Instead I'll say this: What's wrong with necromancy being evil? The whole reason I like it as a player is that it is a dark and forbidden road, and I like to role play the wizard who is in over his head, learning dark secrets no mortal should know, channeling dark magics only barely within his control, using his knowledge as much as he can for good in an attempt to justify his obsessions to himself.
That's a fun character, and it can work just fine in anything but the most lawful good of parties - so long as there's no paladin about. The neutral character who uses evil methods to achieve good ends is a common enough hero whether magical or otherwise.
Yes, this means accepting that the character will have to hide what he is from NPCs, and even from his own party members before they come to know and rely upon him, but that's part of the fun of this character type. Playing a necromancer in a regular campaign is the same type of fun you get from playing an arcanist in Dark Sun.
All that said, it can be disruptive, shouldn't be done if there's a paladin in the party, and is something you should go over with the DM and other players out of character before the game starts.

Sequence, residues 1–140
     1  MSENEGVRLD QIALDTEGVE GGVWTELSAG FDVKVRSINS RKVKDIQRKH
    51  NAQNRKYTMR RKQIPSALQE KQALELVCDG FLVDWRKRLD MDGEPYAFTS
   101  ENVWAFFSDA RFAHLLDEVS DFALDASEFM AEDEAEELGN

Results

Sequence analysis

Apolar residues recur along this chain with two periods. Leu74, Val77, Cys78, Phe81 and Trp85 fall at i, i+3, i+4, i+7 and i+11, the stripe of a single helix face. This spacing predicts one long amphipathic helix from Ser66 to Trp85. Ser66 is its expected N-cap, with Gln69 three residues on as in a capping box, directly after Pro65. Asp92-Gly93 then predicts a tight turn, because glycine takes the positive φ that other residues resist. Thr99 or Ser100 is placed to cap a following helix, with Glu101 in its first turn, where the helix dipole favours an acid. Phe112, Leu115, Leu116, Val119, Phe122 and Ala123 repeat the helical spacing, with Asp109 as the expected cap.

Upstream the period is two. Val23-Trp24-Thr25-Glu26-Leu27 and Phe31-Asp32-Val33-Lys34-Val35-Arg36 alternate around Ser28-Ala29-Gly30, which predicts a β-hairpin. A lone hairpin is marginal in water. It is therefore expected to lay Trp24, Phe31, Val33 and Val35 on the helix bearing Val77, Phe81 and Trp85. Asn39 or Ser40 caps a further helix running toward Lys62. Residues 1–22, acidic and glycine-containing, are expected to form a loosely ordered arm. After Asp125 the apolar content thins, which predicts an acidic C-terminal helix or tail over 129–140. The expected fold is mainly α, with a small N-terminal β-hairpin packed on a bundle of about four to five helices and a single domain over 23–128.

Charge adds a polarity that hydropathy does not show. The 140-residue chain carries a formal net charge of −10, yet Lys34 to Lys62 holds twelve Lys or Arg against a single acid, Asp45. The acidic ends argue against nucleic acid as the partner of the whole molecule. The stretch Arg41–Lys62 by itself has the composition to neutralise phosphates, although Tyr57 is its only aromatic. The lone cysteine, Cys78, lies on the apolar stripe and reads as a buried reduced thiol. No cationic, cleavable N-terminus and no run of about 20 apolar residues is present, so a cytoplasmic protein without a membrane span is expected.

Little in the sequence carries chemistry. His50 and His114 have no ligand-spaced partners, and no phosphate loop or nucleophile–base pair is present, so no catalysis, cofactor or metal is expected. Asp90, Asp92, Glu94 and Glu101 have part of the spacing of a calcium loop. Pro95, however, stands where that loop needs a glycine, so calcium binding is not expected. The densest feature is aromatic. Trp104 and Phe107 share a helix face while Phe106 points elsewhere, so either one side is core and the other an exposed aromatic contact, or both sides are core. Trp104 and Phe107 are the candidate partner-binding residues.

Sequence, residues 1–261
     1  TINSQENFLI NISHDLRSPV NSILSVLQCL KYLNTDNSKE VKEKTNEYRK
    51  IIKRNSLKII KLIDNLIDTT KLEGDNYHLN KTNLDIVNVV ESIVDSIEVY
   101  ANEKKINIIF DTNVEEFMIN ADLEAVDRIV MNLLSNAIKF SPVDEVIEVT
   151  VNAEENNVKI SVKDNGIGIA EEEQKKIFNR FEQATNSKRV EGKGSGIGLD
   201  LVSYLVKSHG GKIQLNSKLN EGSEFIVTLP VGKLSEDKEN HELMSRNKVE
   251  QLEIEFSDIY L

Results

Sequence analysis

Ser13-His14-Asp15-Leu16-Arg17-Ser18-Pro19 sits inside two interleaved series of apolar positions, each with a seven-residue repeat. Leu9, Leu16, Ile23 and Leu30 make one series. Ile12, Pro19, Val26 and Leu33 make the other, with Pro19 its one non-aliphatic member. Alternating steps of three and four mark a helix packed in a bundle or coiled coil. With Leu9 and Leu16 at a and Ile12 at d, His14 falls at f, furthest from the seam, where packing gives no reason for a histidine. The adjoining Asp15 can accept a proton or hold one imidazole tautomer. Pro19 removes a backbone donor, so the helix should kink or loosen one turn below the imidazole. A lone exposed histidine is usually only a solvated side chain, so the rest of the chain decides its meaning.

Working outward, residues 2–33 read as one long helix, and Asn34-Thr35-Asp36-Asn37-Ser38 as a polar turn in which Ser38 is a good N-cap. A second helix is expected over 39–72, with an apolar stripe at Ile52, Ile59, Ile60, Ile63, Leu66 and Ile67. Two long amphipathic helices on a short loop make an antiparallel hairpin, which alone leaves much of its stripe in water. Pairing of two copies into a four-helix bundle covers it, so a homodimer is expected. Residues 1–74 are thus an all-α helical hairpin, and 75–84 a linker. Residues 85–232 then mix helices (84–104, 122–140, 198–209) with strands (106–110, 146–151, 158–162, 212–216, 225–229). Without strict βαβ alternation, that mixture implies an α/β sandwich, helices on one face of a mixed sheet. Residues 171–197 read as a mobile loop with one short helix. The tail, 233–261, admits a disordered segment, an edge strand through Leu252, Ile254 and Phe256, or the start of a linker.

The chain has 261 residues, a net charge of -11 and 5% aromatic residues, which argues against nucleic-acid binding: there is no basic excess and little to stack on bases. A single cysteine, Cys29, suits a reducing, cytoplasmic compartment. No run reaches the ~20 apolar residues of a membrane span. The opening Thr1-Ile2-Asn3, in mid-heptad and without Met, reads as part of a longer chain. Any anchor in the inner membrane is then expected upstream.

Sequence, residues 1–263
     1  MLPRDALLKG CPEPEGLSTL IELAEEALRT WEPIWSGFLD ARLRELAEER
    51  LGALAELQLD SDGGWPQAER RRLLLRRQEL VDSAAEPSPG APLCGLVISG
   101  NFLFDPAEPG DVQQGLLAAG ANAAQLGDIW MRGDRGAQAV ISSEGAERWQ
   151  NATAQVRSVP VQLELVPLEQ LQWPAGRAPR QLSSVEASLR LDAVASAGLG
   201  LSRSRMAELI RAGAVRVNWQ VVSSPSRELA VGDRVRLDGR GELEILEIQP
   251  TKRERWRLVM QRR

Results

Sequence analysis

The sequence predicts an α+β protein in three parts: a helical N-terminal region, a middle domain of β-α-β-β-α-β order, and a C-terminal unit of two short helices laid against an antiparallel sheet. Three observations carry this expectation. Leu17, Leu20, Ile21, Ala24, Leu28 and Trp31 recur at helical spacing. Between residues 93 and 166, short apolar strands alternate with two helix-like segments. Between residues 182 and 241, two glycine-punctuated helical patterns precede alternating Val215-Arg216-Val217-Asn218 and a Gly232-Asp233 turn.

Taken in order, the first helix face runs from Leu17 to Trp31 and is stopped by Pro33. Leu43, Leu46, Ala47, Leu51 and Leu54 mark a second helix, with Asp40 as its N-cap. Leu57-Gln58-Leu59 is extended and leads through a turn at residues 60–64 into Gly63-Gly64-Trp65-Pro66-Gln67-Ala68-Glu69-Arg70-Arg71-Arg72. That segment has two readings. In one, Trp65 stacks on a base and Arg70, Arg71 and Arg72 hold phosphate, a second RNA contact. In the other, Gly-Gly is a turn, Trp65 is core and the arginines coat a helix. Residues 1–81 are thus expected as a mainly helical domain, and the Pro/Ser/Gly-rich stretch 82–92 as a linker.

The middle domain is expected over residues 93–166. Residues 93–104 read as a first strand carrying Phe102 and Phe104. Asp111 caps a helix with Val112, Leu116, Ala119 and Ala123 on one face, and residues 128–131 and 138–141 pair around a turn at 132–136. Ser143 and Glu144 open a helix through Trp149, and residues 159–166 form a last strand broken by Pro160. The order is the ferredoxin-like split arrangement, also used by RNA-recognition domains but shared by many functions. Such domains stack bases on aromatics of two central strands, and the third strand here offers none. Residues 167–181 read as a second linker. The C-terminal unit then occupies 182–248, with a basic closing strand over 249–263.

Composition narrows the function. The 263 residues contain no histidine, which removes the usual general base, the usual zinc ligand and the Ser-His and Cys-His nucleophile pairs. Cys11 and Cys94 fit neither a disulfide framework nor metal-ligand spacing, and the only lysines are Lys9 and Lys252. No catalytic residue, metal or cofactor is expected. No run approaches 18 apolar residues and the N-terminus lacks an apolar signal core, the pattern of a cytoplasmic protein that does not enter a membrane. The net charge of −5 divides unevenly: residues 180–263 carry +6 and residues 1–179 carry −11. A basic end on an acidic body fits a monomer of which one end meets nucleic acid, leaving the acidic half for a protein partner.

For me, making necromancy neutral, or even good, would undo a lot of the charm of playing a necromancer in the first place. It's for this reason that I always hated the 'deathless'. I mean, they're so pointless - there are already creatures animated by positive energy. They're called everybody who isn't undead. And why did Eberron of all settings need 'good' undead? Part of the premise of Eberron is that any creature can be any alignment - the default monster manual alignments aren't locked in stone. If they wanted good liches and death knights for the Aerenal elves, they could have just said so. Even Forgotten Realms has good elven liches.